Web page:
Tuna, shark, king mackerel, tilefish, swordfish. If you’ve ever been pregnant, or known someone who has been pregnant, this list of seemingly random aquatic vertebrates is all too familiar to you. It’s the “avoid while pregnant” list of seafoods, and it’s just one of the confusing set of messages surrounding pregnancy and fish consumption.
(For the video version of this post, click here).
Because aren’t we supposed to be eating more fish? Fish are the main dietary source for omega-3 fatty acids, which can cross the placenta, and may promote healthy brain development. Of course, some of these fish contain mercury which, as Jeremy Piven taught us all, may be detrimental to cognitive development.
These contradictory facts led the US FDA, in 2014, to recommend that pregnant women consume more fish, but not more than 3 times a week. You have to love the government sometimes.
A study appearing in JAMA pediatrics is making some waves with its claim that high levels of fish consumption, more than 3 times per week during pregnancy, is associated with more rapid neonatal growth as well as higher BMIs throughout a child’s young life. Now, contrary to what your mother-in-law has been telling you, more rapid infant growth is not necessarily a good thing, as rapid infant growth is associated with overweight and obesity in childhood and adulthood.
But fish as the culprit here? That strikes me as a bit odd. Indeed, prior studies of antenatal fish consumption have shown beneficial or null effects on childhood weight gain. What is going on here?
The authors combined data from 15 pregnancy cohort studies across Europe and the US, leading to a final dataset including over 25,000 individuals. This is the studies greatest strength, but also its Achilles heel, as we’ll see in a moment.
But first the basic results. Fish consumption was based on a food frequency questionnaire, a survey instrument that I, and others, have a lot of concerns about. Women who reported eating less than or equal to 3 servings of fish a week had no increased risk of rapid infant growth or overweight kids. But among those eating more than 3 servings, there was around a 22% increased risk of rapid growth from birth to 2 and overweight at age 6.
These effects were pretty small, and, more importantly, ephemeral. The authors looked not only at the percentage of obese and overweight children, but the raw differences in weight. At 6 years, though the percent of overweight and obese kids was statistically higher, there was no significant weight difference between children of mothers who ate a lot of fish and those who didn’t. When statistics are weird like this, it usually suggests that the effect isn’t very robust.
In fact, this line from the stats section caught my eye, take a look:
That means the authors used numbers predicted by a statistical model to get the weight of the children rather than the actual weight of the children. I asked the study’s lead author, Dr. Leda Chatzi, about this unusual approach and she wrote “Not all cohorts had available data on child measurement at the specific time points of interest… in an effort to increase sample size and…power in our analyses, we…estimated predicted values of weight and height”.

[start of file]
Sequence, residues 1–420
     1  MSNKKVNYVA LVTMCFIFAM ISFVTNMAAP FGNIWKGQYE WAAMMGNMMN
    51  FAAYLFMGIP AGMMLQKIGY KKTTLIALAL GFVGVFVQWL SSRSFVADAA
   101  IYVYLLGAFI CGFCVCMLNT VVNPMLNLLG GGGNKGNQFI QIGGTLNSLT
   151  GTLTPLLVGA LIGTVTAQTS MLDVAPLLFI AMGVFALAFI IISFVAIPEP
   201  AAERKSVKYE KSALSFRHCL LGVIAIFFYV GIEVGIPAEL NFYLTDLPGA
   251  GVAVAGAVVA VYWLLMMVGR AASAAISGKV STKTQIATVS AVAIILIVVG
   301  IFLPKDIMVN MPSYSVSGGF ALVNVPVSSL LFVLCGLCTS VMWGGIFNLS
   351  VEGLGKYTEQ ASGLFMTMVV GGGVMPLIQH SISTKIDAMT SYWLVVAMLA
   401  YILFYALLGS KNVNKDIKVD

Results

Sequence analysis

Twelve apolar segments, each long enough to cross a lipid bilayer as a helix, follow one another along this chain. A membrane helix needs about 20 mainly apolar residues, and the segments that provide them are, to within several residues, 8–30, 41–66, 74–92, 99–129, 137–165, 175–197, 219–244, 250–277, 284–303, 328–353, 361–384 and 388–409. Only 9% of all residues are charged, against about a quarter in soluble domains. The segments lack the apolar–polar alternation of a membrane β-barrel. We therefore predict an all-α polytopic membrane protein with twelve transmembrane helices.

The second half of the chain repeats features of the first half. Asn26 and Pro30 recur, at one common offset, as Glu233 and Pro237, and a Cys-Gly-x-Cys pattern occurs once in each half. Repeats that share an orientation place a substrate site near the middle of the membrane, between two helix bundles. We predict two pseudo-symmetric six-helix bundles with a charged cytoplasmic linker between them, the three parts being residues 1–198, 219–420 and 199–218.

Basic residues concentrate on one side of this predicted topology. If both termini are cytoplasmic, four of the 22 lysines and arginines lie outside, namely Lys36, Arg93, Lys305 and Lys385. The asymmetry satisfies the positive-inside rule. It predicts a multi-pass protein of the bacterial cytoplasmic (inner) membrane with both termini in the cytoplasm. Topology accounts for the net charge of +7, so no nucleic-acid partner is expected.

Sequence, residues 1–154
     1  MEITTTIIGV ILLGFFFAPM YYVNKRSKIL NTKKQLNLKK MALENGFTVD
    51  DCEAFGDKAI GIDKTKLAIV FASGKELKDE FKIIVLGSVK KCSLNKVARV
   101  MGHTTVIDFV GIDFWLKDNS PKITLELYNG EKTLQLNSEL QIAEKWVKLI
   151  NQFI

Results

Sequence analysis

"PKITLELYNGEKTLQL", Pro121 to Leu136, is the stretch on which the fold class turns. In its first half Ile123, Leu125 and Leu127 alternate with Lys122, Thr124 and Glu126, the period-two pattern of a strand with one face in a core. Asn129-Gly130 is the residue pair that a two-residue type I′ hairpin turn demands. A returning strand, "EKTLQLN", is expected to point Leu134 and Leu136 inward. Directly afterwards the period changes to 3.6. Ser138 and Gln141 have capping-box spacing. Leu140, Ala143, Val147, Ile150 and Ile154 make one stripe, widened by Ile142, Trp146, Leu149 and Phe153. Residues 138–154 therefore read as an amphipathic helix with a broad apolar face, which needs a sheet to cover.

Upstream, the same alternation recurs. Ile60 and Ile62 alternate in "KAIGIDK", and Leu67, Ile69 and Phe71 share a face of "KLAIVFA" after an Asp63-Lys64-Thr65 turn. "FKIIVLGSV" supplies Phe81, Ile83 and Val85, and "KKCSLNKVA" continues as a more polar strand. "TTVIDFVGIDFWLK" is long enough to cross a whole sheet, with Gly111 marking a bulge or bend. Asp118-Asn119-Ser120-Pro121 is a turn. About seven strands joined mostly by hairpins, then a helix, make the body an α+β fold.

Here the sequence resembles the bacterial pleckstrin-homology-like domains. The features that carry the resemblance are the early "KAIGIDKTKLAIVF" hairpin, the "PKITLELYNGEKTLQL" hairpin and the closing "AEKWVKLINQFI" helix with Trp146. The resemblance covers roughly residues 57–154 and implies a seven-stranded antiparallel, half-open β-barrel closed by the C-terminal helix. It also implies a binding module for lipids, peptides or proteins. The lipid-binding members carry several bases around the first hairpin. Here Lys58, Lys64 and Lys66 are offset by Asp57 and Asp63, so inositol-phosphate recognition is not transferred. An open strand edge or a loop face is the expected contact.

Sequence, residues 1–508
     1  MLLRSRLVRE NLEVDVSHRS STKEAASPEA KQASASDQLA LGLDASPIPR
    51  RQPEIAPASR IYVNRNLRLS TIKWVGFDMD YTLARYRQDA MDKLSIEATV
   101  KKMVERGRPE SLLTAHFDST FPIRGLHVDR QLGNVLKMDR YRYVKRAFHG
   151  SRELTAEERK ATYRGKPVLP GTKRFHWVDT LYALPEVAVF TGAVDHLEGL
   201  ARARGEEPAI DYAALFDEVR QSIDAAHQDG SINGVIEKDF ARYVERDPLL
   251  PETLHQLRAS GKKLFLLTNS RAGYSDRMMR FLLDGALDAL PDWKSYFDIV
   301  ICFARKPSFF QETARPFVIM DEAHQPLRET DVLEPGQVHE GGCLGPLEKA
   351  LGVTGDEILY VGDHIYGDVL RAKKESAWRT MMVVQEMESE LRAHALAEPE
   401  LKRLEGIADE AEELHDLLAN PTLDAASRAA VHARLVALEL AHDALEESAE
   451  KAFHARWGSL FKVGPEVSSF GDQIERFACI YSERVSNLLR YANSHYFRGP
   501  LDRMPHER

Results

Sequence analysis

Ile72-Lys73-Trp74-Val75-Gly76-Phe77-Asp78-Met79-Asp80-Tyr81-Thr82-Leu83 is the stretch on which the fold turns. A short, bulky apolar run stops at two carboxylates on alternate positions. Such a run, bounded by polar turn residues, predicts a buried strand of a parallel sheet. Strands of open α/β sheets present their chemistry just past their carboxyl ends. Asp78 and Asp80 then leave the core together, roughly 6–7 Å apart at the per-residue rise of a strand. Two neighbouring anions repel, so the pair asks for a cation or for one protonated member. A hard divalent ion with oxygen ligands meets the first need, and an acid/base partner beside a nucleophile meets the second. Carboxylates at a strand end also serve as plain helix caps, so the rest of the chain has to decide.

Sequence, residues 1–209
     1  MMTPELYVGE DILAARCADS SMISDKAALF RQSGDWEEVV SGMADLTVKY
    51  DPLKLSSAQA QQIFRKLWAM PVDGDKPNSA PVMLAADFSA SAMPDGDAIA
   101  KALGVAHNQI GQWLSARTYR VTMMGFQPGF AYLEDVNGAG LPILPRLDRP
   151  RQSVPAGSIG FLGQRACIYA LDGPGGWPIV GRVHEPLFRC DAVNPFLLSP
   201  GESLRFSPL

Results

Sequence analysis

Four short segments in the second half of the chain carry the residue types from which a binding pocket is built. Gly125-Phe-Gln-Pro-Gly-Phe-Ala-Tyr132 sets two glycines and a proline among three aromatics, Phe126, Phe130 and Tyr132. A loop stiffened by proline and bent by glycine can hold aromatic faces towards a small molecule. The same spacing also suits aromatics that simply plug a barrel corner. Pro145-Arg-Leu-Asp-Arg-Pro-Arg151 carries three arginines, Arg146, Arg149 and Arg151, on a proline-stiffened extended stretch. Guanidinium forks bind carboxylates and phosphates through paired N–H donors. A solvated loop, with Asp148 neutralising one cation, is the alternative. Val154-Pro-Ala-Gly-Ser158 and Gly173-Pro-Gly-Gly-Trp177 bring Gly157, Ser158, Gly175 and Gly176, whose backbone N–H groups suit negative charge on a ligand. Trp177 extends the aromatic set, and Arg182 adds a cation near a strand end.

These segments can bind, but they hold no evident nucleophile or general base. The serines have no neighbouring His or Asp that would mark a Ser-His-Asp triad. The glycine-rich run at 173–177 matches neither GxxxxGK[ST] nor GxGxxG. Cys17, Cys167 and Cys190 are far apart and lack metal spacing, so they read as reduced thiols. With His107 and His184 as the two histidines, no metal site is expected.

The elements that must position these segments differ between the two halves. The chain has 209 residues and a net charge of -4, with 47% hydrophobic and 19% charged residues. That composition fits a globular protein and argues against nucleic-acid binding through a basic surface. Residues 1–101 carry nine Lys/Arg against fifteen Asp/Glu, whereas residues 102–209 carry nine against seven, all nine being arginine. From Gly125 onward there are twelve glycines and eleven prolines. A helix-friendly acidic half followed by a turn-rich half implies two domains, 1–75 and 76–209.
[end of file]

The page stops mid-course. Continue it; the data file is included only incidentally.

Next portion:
So we have a statistical model that contains as a covariate, another statistical model. This compounds error into the final estimate, and in a study like this, where the effect size is razor thin, that can easily bias you into the realm of significance.
And, at this point it probably goes without saying, but studies looking at diet are always confounded. Always. While the authors adjusted for some things like maternal age, education, smoking, BMI and birth weight, there was no adjustment for things like socio-economic status, sunlight exposure, diabetes, race, or other dietary intake.
What have we learned? Certainly not, as the authors suggest, that
That they wrote this in a study with no measurement of said pollutants is what we call a reach.
Look, you probably don’t want to be eating fish with high levels of mercury when you are pregnant. But if my patients were choosing between a nice bit of salmon and a cheeseburger, well, this study doesn’t exactly tip the scales.
For the video version of this post, click here. Body mass index. Since the term entered the medical consciousness in 1972, it has served admirably as a proxy measure for body fat, since body fat itself is sort of tough to measure. But it is demonstrably imperfect. Since it relates weight to height, it has no ability to distinguish between fat mass and muscle mass, leading to so called “obesity paradoxes” that are really no such thing. We need something better than BMI.
That something better, according to an article appearing in the Annals of Internal Medicine, may be the ratio of waist to hip circumference.
The study has some dramatic results. Using data from the National Health and Nutrition Examination Survey, researchers examined around 15,000 participants. Each participant had a BMI and a waist-to-hip ratio. It turned out that waist-to-hip ratio was a much better predictor of mortality and cardiovascular disease than BMI.